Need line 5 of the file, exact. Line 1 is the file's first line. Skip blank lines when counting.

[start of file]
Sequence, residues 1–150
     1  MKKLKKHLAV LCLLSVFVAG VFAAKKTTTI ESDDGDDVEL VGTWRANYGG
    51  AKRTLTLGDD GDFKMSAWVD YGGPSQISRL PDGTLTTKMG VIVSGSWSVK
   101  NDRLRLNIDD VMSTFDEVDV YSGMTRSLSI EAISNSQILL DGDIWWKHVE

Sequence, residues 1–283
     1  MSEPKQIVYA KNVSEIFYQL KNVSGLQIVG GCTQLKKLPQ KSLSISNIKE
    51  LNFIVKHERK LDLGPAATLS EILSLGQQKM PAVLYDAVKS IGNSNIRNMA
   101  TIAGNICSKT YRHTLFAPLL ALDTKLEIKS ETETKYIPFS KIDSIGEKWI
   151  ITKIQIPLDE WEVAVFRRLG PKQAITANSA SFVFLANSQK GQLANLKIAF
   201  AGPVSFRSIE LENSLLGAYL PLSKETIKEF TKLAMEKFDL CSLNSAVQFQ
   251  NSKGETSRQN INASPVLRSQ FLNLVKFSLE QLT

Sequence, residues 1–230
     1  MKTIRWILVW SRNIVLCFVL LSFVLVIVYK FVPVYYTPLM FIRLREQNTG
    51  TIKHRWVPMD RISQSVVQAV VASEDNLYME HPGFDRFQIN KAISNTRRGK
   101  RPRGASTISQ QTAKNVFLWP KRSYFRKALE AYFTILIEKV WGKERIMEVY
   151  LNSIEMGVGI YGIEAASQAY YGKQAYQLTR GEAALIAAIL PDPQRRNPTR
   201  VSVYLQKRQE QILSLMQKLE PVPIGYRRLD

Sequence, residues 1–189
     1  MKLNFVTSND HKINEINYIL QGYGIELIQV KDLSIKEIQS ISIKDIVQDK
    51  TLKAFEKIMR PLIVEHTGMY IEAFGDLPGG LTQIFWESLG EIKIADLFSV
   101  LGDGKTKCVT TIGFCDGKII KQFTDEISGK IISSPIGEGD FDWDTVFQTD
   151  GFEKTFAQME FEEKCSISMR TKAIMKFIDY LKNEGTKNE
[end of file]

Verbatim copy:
Sequence, residues 1–283